How Long Do I Have to Pay Alimony?
Determining the Length of Your Alimony Payments
In Massachusetts, general term alimony is the concept. The law gives the courts guidance and is tiered by the time you have been married. It is based on one’s ability and need to pay. Alimony is meant to allow both spousal parties to exist on even footing. As such, there is no one period of time that works for everyone and is rather based on circumstances.
Types of Alimony in Massachusetts
In Massachusetts, general term alimony is the most common type. There’s rehabilitative alimony, which is for short-term periods until the recipient spouse is expected to be self-sufficient, but general term alimony is the most well-known type. That’s really what we’re focused on. In the old days, if you were paying alimony, it went on forever because there was no change of circumstances for it to terminate.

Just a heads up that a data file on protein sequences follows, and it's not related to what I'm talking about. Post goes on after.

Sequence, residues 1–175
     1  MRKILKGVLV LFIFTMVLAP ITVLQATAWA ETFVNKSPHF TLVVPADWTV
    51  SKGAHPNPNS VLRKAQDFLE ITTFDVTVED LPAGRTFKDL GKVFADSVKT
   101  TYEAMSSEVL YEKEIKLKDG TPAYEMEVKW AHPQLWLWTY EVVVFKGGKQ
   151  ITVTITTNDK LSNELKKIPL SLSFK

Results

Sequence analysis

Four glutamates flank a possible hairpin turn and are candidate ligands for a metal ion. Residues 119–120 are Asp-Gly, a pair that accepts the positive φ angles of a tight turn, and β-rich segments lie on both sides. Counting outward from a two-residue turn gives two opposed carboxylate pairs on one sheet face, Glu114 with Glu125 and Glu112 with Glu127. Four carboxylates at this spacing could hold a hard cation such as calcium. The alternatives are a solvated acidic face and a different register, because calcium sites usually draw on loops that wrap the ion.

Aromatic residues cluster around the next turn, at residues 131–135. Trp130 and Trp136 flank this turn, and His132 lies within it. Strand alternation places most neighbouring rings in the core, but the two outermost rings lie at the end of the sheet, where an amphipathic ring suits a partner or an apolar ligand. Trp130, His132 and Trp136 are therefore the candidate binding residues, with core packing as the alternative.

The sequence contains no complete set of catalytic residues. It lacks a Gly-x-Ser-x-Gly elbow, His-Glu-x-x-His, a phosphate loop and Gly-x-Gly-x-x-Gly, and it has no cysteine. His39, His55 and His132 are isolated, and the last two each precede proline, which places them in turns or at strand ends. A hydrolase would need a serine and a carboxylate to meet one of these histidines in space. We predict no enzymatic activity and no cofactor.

Now, the law gives the court more guidance. It’s tiered by the number of years that you’ve been married. For example, if you have been married for less than 5 years, you pay alimony for 50% of the number of months that you’ve been married. If you have been married 5 to 10 years, you’re going to pay for 60% of the time that you were married. Alimony is typically based on one’s ability to pay and one’s needs.
The court’s goal is to put both spouses on equal footing—they should be able to have the lifestyle they may have had while they were married. One spouse shouldn’t be able to live in a castle and the other a hovel. Alimony is really meant for support.